How do we define this choice function using mathematical notation?
Suppose we have $\omega_1,\omega_2,\omega_3\in\mathbb{N}$. Then for every $\omega_2\in\mathbb{N}$ as $\omega_2\to\infty$ we want all $\left\{G_n\right\}\in\mathcal{F}(A)$ where for all $\left\{H_n\right\}\in\mathcal{F}(A)$ we have $\lim\limits_{\omega_2\to\infty}\frac{\mathcal{P}\left(G_{\omega_1},G_{\omega_1}\cup H_{\omega_2}\right)}{\mathcal{P}\left(H_{w_2},G_{w_1}\cup H_{w_2}\right)}=\inf\left\{1s:s=\lim\limits_{\omega_2\to\infty}\frac{\mathcal{P}\left(G_{\omega_{3}},G_{\omega_3}\cup H_{\omega_2}\right)}{\mathcal{P}\left(H_{\omega_2},G_{\omega_3}\cup H_{\omega_2}\right)},s<1\right\}$, and for all $\left\{H_n\right\}\in\mathcal{F}(A)$ we have $\lim\limits_{\omega_2\to\infty}\frac{\sigma\left\{G_{\omega_1}\right\}}{\sigma\left\{H_{\omega_2}\right\}}\le 1$
I gave background info in the attatchment below. See section 3.1 , 3.7, 3.8

This question is quite vague. And it uses the measure P which is not well defined. I guess you are looking to define the average on countable sets using this tool. Is this the case?

If we can make P welldefined we can define the average on uncountable sets but I could be wrong. Currently, I wish to convert the statement into a definition.

I extended the due date to 31 days so you can answer the previous question, then answer the second question.

How come you say measure P is not welldefined? I defined an inner measure and outer measure which form a sigma algebra. Does this work?

The properties you listed for P does not uniquely determine it. I have not checked your attempt at the definition yet. I will write about it in my solution to the other problem.

The extended due date is fine. But the question is still too vague (more than the previous one). I can try to make it more precise and then answer it, if you are ok with this. There may not be a unique solution, or any solution at all, to what you have in mind; and this depends on how the question is (re)stated in a precise mathematical form. Also, the open nature of the question requires more than usual work, and the current price is not sufficient for that.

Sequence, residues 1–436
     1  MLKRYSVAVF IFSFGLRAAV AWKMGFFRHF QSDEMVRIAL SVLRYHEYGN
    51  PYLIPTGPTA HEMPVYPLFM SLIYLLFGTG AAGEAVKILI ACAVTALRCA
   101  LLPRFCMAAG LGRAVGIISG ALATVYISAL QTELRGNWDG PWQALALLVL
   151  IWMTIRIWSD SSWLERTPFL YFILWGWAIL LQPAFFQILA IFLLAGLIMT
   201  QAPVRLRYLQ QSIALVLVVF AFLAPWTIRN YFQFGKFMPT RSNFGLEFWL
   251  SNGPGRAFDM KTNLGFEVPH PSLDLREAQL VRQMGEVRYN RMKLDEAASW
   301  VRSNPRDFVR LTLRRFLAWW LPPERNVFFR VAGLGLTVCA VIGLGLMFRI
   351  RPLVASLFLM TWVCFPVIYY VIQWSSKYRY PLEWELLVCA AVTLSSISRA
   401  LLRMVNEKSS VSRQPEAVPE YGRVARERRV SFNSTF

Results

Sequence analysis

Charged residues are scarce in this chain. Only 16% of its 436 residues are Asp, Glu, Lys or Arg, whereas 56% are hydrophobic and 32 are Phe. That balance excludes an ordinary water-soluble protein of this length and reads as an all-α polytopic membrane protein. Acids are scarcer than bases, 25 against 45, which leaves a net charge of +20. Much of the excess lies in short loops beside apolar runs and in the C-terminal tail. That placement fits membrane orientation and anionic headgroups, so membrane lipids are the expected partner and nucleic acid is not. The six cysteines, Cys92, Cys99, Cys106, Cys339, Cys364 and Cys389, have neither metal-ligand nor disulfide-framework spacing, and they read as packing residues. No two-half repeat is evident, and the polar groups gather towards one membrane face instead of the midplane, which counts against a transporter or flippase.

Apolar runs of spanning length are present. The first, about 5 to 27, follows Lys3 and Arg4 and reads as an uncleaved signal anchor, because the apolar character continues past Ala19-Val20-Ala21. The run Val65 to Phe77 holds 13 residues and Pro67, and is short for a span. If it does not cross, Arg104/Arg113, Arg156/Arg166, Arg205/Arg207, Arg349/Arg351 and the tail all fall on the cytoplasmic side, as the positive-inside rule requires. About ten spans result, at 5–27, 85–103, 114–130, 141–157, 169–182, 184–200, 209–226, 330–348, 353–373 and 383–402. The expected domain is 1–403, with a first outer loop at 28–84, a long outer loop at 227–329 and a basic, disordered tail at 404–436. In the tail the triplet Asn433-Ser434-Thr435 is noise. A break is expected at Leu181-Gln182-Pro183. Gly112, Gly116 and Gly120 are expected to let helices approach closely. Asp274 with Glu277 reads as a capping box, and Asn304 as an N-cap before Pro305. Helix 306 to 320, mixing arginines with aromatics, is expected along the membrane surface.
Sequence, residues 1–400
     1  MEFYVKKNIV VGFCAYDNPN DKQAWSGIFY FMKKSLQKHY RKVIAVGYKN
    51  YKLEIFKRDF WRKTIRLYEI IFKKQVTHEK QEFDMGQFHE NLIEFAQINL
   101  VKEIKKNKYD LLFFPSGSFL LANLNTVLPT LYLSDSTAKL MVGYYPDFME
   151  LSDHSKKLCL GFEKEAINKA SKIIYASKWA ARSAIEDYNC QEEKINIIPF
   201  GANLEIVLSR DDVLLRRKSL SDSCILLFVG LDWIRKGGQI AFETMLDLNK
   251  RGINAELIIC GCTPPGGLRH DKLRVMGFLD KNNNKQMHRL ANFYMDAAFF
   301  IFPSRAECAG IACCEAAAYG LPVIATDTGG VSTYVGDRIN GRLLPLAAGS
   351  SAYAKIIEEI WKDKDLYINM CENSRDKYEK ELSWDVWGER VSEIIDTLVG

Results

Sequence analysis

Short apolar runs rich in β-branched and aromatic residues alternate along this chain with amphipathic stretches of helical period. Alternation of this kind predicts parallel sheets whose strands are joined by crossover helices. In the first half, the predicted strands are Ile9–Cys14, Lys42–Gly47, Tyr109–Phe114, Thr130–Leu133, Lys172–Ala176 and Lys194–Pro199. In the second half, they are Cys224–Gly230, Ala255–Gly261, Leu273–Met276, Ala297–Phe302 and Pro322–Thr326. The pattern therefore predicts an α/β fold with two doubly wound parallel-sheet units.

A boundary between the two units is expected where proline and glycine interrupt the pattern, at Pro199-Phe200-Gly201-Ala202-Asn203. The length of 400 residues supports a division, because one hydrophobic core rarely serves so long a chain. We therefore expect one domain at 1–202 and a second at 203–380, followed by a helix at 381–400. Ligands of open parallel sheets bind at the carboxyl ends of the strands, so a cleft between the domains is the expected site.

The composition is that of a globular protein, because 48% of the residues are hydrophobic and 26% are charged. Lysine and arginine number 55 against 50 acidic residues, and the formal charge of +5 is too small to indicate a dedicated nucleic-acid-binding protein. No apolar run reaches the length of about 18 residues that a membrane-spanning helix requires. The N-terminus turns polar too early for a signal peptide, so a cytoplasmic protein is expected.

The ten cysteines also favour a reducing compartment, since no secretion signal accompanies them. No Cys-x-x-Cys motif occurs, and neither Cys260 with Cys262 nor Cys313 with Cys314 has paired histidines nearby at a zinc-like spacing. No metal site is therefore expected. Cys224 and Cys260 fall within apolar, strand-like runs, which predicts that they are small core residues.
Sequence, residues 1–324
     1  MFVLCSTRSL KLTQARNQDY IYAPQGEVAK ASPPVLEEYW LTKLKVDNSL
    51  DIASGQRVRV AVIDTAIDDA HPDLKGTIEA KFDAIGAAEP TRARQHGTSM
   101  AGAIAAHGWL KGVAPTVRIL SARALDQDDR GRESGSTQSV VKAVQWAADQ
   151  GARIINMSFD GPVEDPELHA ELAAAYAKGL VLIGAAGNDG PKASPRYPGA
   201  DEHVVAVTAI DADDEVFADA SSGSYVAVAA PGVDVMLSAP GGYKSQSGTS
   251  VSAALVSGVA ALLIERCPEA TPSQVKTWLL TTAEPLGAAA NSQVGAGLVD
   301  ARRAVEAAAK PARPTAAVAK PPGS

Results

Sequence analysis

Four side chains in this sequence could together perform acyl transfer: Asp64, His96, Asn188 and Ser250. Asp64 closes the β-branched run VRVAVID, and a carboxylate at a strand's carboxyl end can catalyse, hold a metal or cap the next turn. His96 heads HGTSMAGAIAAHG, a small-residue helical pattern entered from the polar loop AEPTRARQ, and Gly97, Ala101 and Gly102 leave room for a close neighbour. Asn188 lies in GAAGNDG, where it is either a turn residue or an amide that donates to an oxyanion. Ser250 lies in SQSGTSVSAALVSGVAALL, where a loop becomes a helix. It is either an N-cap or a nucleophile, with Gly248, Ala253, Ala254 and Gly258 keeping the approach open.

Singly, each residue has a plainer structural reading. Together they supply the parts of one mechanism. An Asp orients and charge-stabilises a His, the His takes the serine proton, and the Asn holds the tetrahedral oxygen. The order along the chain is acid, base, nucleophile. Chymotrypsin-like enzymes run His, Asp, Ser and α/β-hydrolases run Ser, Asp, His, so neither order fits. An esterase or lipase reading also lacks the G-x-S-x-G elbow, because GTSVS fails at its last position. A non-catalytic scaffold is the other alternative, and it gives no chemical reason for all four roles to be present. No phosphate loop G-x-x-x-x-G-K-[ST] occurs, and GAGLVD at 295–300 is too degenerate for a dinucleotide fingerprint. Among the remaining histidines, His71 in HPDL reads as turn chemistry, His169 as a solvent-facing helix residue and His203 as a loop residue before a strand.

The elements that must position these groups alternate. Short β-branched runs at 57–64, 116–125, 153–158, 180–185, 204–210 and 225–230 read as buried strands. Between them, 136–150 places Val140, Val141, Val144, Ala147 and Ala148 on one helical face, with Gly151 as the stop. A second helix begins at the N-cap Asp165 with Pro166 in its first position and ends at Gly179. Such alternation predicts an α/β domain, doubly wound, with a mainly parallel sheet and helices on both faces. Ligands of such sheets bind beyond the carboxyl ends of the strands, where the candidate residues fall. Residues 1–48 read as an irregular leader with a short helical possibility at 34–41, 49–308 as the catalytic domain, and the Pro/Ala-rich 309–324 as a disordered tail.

+1^

If the properties stated for P does not uniquely determine it what properties can be used to determine a unique P? Also how much more money should I pay?

I was hoping if my choice function does not determine a unique P there's a choice function that can be used. (And I hope to apply the result to examples in the previous question.)

I am going to use the solution to the previous question and try to construct the choice process you are looking for.

Martin, I send another document titled Choosing For Countable A. It gives what the choice function should look like when A is countable.

Martin, I sent one more document, this time I'm choosing for general A using Generalized Family of Hausdorff Measures.

Ok, I will work with the new documents.

Martin, I will try not to upload any more documents. Here is the last one. (I tried explaining with words but a user at math stack exchange couldn't understand.)

I keep making edits on Math Stack Exchange but a user keeps stating they can't understand my definitions. Here is the link: https://math.stackexchange.com/questions/4213941/forcountablyinfiniteacanwefindauniqueleftfnrightthatgives ...............
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I have written the answer for countable sets mainly because the notion of limit for an uncountable "sequence" of real numbers does not make much sense. However the basic problem is also present in that case, specially since an uncountable set of real numbers has infinitely many limit points.

I accidentally accepted it, I was looking for a choice function for a subsequence to the average.

It’s alright. Thanks for the effort.

You're welcome. Let me know if you have questions about it.
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